Protein supplements are some of the most beneficial on the planet. While they may not be ‘sexy’ like pre-workouts and creatine, they are arguably more important.
See, every time you train in the gym you place your body under stress. And this stress tells your body that it needs to build more muscle tissue to ensure that it can better tolerate that stress in the future.
And what is required to build that new muscle?
Bingo -- protein.
In short, if you don't have enough protein in your system to facilitate the development of new muscle tissue, your muscle growth becomes impaired. Which is why you want to make sure you have adequate protein available at all times.
Which explains why protein supplements are so useful.
When it comes to supplementing with protein, there are two options that stand above the rest -- Whey Protein Isolate and Whey Protein Concentrate.
What is Whey Protein?
What in the world is whey protein?
First and foremost, whey is a specific part of dairy milk.
Dairy milk is made up of several individual components, including water, carbohydrates, a multitude of vitamins and minerals, and two distinct proteins -- which are known as casein and whey protein.
Casein is found in the solid components of milk, whereas whey is found in the liquid components.
With all this in mind, when people make cheese, the liquid component of the milk is separated from the solid to make it thicker. This watery component is then filtered to extract the whey.
While whey was once considered a useless byproduct, it is now purified and dried to form a powder.
And this powder is what we now call whey protein.
Why Whey Protein?
It is considered complete because it provides you with all nine essential amino acids (which cannot be made in your body and therefore must be obtained through diet), including the three branched-chain amino acids (BCAAs): leucine, isoleucine and valine.
This ultimately means that it provides your body with everything it needs to build new muscle.
Whey Protein Isolate VS. Whey Protein Concentrate
Once whey has been separated from the rest of the milk, it can be refined and processed in a number of different ways, each resulting in a slightly different type of protein powder.
However, the two most common are Whey protein Isolate (WPI for short) and Whey Protein Concentrate (or WPC).
But what's the difference, and more importantly, is one better than the other?
1. Nutrient Breakdown
WPI undergoes a more serious process of filtration than WPC. This means that it contains less carbohydrates, less fat, and more protein per serving. In fact, if you were to look at the Amino Z branded WPI and WPC, this becomes apparent.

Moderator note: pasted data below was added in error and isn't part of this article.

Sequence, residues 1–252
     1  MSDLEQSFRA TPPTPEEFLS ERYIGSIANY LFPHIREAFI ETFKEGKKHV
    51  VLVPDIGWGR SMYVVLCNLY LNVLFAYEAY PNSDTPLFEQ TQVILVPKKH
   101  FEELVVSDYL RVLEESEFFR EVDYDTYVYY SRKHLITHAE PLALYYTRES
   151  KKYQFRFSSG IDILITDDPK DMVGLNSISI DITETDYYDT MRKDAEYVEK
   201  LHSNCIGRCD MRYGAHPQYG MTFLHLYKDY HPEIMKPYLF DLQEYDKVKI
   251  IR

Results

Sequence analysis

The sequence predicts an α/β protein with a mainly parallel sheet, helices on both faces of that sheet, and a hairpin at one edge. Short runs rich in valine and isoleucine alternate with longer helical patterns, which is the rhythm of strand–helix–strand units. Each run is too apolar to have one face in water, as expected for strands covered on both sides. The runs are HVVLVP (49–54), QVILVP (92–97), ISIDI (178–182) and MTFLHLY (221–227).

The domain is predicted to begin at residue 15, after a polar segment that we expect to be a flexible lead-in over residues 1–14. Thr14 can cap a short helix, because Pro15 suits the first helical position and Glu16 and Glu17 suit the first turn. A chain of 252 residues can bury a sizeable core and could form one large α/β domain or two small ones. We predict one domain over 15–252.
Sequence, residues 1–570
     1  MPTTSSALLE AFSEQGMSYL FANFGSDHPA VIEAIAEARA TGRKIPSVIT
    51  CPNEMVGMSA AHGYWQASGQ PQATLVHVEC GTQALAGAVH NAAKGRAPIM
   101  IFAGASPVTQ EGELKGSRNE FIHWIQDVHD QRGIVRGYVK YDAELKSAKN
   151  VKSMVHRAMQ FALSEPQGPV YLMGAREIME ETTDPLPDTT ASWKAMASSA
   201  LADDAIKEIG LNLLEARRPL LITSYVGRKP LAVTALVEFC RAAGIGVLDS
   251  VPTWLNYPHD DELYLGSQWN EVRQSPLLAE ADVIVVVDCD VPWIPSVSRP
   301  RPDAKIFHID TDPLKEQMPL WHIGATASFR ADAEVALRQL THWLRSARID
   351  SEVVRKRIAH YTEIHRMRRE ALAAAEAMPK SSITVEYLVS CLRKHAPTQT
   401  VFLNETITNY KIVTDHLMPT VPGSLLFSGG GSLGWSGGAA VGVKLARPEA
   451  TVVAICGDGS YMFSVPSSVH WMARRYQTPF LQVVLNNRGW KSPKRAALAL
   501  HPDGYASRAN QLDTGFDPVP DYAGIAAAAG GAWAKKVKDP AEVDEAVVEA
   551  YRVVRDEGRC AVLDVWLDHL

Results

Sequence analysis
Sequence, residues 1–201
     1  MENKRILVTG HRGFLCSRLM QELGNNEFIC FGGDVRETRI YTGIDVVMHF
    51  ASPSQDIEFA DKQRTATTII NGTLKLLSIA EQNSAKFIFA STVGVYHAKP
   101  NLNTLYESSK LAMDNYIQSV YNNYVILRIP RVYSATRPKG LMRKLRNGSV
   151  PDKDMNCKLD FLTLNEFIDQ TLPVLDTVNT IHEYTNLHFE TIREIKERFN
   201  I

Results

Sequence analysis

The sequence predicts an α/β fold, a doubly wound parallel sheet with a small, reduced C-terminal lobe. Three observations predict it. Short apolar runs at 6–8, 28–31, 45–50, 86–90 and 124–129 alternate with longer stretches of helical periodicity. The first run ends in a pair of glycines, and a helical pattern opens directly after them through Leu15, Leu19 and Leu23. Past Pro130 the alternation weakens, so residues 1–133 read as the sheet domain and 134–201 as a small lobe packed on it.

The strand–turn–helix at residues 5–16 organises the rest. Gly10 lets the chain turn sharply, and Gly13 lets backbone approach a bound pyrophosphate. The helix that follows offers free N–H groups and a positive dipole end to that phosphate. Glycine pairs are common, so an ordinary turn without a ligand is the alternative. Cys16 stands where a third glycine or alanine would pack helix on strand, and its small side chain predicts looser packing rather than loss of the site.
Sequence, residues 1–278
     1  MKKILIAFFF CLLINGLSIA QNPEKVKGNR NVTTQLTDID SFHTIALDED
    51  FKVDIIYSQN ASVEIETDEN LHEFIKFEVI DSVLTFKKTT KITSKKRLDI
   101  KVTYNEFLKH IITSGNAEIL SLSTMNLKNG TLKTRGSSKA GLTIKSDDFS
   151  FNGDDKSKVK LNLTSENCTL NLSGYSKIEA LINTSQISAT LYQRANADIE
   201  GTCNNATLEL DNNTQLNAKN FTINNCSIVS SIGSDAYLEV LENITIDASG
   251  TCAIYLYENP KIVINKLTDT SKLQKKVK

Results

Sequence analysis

Our WPI contains a whopping 90 grams of protein per 100 grams, for only 1.2 grams of carbohydrate and 1 gram of fat. On the other hand, our WPC contains 80 grams of protein, 6 grams of fat, and 7 grams of carbohydrates (again, per 100 grams).
While this does not make a huge difference when you are looking at the typical 30-40 gram serving size of protein powder, over time it can start to add up.
As I alluded to above, WPI is more refined than WPC. This means that it is absorbed a little bit faster than WPC. But even though this may sound like a big deal, it doesn't appear to have a huge difference when it comes to real-world outcomes.
In fact, both WPI and WPC are absorbed in less than an hour after consumption. As a result, they have similar effects on muscle protein synthesis, and consequently, similar effects on muscle growth .
Although one notable difference that does need to be considered when discussing the digestibility of these two supplements is related to lactose.
WPC contains a lot more lactose than WPI.
As a result, WPI is probably a much better choice for people who are lactose intolerant, or find themselves getting digestive issues after consuming large amounts of dairy .
Finally, onto the big one -- price.
Because WPC is much easier to make than WPI, it is noticeably cheaper. It is for this reason a kilogram of our WPI will set you back $34.95, while a kilogram of our WPC only costs $29.95.
This means that if you are a little bit short on cash, WPC might be a better option for you.
Take Home Points
I would argue that 99% of people in the gym should be taking a protein supplement. It ultimately ensures that you have enough protein available to maximise recovery, boosting muscle growth in the process.
However, when it comes to choosing what type of protein supplement to take, it can get a little tricky.
WPI contains more protein than WPC on a per serving basis, in conjunction with less fat, less carbohydrates, and a lot less lactose. However, this is reflected in its price, where it is a little more expensive.
In essence, if you are sensitive to lactose, WPI is a must. If you are short on cash, then WPC is probably the better option.
And if you fit neither of those categories?
Go with whatever one you feel is best for you!
- Hulmi, Juha J., Christopher M. Lockwood, and Jeffrey R. Stout. "Effect of protein/essential amino acids and resistance training on skeletal muscle hypertrophy: A case for whey protein." Nutrition & metabolism 7.1 (2010): 51.
- Hoffman, Jay R., and Michael J. Falvo. "Protein–which is best?." Journal of sports science & medicine 3.3 (2004): 118.